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‘The Devil Be Damned’ by Ali Vali

‘The Devil Be Damned’ by Ali Vali

Author: Victoria Brownworth

February 21, 2011

Fourth in the “Devil” series from New Orleans writer Ali Vali featuring the Casey family—notably Cain Casey, her wife, Emma, their children and Cain’s cousin, Muriel—The Devil Be Damned (Bold Strokes Books) picks up where the previous mystery, or “romantic thriller,” Deal with the Devil, left off.

Readers be forewarned, these books should really be read consecutively as each book leads into the other and readers will appreciate each book more if read in order. This one especially does not stand alone outside the series.

As the novel opens, Cain is still coping with pain and regret from not having been able to protect Emma from being kidnapped and held hostage by Cain’s sworn enemy, Juan Luis.
Emma appears to have forgiven her wife, but Cain has not forgiven herself. Nor is she ready to let the vendetta go, even though Juan Luis and his cohort, rogue FBI agent Anthony Curtis (one fascinating character), have disappeared. They are, however,  much closer than Cain knows—right across the border in Texas. Waiting.

But then that’s how it is with mobsters and crime syndicates and FBI surveillance teams, even the lesbian ones. Vendettas and take-downs are part of the action–even when everything else seems to be going well. Because crime is a messy business with blood and guts, honor and betrayal at its black heart.

Yet things do seem to be going well—at least on the surface. Emma is pregnant with the couple’s third child and Cain has never loved her more. Forgotten are the past betrayals by Emma and the problems that Cain’s “career” has brought into their lives. Their third child will be one more thing uniting the couple forever. And also one more thing that could be threatened by outsiders to the family business.

Also, Cain’s own cousin, Muriel, has gotten caught up in a relationship with FBI agent Shelby Philips, who is leading surveillance on the Casey crime family. Shelby’s boss, Annabel Hicks, lead agent in the New Orleans FBI office, doesn’t think Shelby can infiltrate the family through Muriel, but Shelby thinks otherwise. Cain wonders if Muriel can be trusted.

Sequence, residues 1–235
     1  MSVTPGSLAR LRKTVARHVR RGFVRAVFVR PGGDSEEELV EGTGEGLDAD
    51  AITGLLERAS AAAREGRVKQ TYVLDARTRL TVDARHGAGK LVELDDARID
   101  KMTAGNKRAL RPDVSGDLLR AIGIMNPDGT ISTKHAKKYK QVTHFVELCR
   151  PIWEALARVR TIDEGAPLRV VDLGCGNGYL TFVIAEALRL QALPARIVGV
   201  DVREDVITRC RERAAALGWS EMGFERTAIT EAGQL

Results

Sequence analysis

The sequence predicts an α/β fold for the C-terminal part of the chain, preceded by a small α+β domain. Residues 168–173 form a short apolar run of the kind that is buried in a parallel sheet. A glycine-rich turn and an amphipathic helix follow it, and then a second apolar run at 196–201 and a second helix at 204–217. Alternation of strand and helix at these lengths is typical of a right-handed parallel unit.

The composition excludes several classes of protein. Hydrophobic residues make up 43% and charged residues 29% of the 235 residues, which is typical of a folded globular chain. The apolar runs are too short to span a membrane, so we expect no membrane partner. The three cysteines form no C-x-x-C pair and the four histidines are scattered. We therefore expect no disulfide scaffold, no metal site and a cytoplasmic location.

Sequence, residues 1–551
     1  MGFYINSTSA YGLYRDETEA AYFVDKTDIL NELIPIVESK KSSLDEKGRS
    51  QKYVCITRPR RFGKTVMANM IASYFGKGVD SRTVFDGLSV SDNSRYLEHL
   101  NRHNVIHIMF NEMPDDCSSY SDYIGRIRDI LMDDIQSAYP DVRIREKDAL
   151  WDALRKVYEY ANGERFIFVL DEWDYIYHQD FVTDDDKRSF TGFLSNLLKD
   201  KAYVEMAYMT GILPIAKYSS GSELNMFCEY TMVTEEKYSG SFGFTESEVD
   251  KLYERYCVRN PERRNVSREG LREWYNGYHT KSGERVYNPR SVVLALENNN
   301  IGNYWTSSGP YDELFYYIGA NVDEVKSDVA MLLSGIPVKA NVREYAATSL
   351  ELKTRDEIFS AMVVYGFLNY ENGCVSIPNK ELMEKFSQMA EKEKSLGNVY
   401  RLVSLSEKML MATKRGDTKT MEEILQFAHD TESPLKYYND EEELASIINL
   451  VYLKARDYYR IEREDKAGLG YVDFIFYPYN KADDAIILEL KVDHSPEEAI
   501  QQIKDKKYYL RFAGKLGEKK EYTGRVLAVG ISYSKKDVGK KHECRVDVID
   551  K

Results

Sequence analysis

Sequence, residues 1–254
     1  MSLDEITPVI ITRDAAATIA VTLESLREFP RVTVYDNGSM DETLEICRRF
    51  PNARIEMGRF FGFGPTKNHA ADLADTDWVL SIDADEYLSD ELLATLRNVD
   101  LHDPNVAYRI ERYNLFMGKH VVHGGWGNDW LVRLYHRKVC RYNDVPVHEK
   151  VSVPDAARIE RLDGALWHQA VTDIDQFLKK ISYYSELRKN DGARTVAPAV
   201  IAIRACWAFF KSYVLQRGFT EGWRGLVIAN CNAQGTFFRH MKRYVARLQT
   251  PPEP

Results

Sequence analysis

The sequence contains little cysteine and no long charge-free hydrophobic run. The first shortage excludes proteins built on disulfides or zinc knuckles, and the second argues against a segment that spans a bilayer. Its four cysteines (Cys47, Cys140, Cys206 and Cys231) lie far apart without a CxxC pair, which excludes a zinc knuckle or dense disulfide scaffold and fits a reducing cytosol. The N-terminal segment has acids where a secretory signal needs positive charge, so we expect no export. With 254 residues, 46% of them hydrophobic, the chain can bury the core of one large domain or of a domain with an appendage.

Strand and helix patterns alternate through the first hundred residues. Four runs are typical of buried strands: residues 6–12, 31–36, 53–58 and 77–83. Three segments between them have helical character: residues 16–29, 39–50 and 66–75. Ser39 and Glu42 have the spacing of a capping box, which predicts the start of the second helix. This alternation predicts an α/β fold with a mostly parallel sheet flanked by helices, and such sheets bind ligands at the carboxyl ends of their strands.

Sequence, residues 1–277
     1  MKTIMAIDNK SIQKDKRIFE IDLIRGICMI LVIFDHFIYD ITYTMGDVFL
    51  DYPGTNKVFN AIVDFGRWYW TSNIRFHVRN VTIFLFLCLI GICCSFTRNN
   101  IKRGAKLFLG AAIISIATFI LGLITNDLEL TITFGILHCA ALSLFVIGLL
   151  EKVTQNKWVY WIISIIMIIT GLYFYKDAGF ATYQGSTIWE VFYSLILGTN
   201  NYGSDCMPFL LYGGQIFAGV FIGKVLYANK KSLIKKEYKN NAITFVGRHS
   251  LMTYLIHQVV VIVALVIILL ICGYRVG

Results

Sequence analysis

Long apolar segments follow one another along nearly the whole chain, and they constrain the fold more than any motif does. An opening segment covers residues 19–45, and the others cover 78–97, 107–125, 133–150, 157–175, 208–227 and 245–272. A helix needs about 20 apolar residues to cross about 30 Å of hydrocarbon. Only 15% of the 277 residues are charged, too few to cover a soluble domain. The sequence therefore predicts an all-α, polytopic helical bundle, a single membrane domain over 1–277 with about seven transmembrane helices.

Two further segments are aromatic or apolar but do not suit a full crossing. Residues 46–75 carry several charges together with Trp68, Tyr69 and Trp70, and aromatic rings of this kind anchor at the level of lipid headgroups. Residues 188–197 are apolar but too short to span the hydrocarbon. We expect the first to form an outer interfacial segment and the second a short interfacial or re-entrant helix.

Drama and romance and some killing ensue: The Casey family is stronger than ever and the FBI seems unable to catch Cain, et al, getting so much as a parking ticket. Cain’s business partner, Remi Jatibon, has some issues with her lover, Dallas Montgomery (aren’t these names fabulous?). Meanwhile, drug traffickers are trying to insinuate themselves into the clan from the outside, making a kind of trouble Cain can’t ignore.

Then, suddenly, a new player comes to town and what this person does is so stunning that even Cain doesn’t know how to respond. But must.

Call this one Agents and Agent Provocateurs: nasty and tasty.

As in previous books in the series, Vali tends to make the FBI look less than competent, but then the Casey family is pretty hard core. There are reasons why crime syndicates are multi-generational. This is “The Godfather” series, lesbian style.

No chance of spoiler alerts needed for giving away the ending. One maddening flaw is that the book has a “to be continued” finale. These should never be allowed. Ever. This “concept” ending will frustrate most readers as it did this reviewer. But since Vali has been publishing a book in the series each year, look for the sequel in a few months. (Or email Bold Strokes and tell them this kind of thing just might lose you as a fan.)
by Ali Vali
Bold Strokes Books
Paperback, 9781602821590, 288 pp
August 2010

Victoria Brownworth photo

About: Victoria Brownworth

Victoria A. Brownworth is an award-winning journalist, editor and writer and the author and editor of nearly 30 books. She has won the NLGJA and the Society of Professional Journalists awards, the Lambda Literary Award and has been nominated for the Pulitzer Prize. She won the 2013 SPJ Award for Enterprise Reporting in May 2014. She is a regular contributor to The Advocate and SheWired, a blogger for Huffington Post and A Room of Her Own, a columnist and contributing editor for Curve magazine and Lambda Literary Review and a columnist for San Francisco Bay Area Reporter. Her reporting and commentary have appeared in the New York Times, Village Voice, Baltimore Sun, Los Angeles Times, Boston Globe, Philadelphia Inquirer, The Nation, Ms Magazine and Slate. Her book, 'From Where We Sit: Black Writers Write Black Youth' won the 2012 Moonbeam Award for cultural & historical fiction. Her new novel, 'Ordinary Mayhem,' won the IPPY Award for fiction on May 1, 2015. Her book 'Erasure: Silencing Lesbians' and her next novel, 'Sleep So Deep,' will both be published in 2016. @VABVOX

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